This may not be a complete list of all interactions that may occur. Ask your health care provider if Etodolac may interact with other medicines that you take. Check with your health care provider before you start, stop, or change the dose of any medicine.
Important safety information:
- Etodolac may cause dizziness or drowsiness. These effects may be worse if you take it with alcohol or certain medicines. Use Etodolac with caution. Do not drive or perform other possible unsafe tasks until you know how you react to it.
- Serious stomach ulcers or bleeding can occur with the use of Etodolac. Taking it in high doses or for a long time, smoking, or drinking alcohol increases the risk of these side effects. Taking Etodolac with food will NOT reduce the risk of these effects. Contact your doctor or emergency room at once if you develop severe stomach or back pain; black, tarry stools; vomit that looks like blood or coffee grounds; or unusual weight gain or swelling.
- Do not take more than the recommended dose or use for longer than prescribed without checking with your doctor.
- Etodolac is an NSAID. Before you start any new medicine, check the label to see if it has an NSAID in it too. If it does or if you are not sure, check with your doctor or pharmacist.
- Do not take aspirin while you are using Etodolac unless your doctor tells you to.
- Etodolac may interfere with certain lab tests. Be sure your doctor and lab personnel know that you take Etodolac.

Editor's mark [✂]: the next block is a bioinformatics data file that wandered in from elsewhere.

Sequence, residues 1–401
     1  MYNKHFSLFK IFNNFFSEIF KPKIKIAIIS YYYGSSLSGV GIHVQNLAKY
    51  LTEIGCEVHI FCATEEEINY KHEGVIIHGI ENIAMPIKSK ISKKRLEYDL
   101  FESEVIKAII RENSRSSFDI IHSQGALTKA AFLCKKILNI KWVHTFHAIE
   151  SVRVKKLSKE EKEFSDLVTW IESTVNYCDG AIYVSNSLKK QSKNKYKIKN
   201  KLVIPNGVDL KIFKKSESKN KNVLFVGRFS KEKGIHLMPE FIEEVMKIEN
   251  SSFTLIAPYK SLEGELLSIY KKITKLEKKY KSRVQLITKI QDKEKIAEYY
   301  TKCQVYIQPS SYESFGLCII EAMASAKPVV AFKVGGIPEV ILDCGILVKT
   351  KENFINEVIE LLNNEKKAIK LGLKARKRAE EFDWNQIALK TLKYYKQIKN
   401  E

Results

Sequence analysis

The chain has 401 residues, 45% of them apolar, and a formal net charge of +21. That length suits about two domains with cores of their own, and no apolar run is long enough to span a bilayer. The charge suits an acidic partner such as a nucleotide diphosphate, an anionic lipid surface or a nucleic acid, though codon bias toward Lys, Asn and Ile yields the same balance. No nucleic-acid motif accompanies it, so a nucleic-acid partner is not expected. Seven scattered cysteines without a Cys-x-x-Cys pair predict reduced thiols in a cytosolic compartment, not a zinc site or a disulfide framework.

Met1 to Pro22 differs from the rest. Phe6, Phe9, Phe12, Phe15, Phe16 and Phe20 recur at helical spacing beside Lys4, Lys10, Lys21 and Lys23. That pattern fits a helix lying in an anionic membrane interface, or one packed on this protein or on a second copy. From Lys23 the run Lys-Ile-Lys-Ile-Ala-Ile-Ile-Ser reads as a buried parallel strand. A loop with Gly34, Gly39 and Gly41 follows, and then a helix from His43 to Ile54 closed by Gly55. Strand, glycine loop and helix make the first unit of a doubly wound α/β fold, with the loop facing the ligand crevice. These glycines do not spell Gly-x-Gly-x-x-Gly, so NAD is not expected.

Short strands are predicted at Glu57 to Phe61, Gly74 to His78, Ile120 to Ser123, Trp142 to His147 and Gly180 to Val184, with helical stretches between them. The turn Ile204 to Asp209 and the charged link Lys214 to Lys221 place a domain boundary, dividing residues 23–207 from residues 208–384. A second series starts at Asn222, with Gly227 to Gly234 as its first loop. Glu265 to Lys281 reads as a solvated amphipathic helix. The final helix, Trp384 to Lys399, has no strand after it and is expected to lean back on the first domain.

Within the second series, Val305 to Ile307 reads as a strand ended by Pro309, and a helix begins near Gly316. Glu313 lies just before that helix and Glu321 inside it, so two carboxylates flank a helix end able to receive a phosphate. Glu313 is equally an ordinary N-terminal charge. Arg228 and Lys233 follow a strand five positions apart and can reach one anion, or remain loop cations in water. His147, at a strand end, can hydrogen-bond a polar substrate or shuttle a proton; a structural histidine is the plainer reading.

- Lab tests, including kidney function, complete blood cell counts, and blood pressure, may be done to monitor your progress or to check for side effects. Be sure to keep all doctor and lab appointments.
- Use Etodolac with caution in the elderly; they may be more sensitive to its effects, including stomach bleeding and kidney problems.
- Etodolac should be used with extreme caution in children younger than 18 years old; safety and effectiveness in these children have not been confirmed.
- Pregnancy and breast-feeding: Etodolac may cause harm to the fetus. Do not take it during the last 3 months of pregnancy. If you think you may be pregnant, contact your doctor. You will need to discuss the benefits and risks of taking Etodolac while you are pregnant. It is not known if Etodolac is found in breast milk. Do not breastfeed while taking Etodolac.
All medicines can cause side effects, but many people have no, or minor, side effects.
Check with your doctor if any of these most common side effects persist or become bothersome:
Constipation; diarrhea; dizziness; gas; headache; heartburn; nausea; stomach upset; stuffy nose; weakness.
Seek medical attention right away if any of these severe side effects occur:
Severe allergic reactions (rash; hives; itching; trouble breathing; tightness in the chest; swelling of the mouth, face, lips, or tongue); bloody or black, tarry stools; change in the amount of urine produced; chest pain; confusion; dark urine; depression; fainting; fast or irregular heartbeat; fever, chills, or persistent sore throat; mental or mood changes; numbness of an arm or leg; one-sided weakness; red, swollen, blistered, or peeling skin; ringing in the ears; seizures; severe headache or dizziness; severe or persistent stomach pain or nausea; severe vomiting; shortness of breath; sudden or unexplained weight gain; swelling of hands, legs, or feet; unusual bruising or bleeding; unusual joint or muscle pain; unusual tiredness or weakness; vision or speech changes; vomit that looks like coffee grounds; yellowing of the skin or eyes.
This is not a complete list of all side effects that may occur. If you have questions about side effects, contact your health care provider.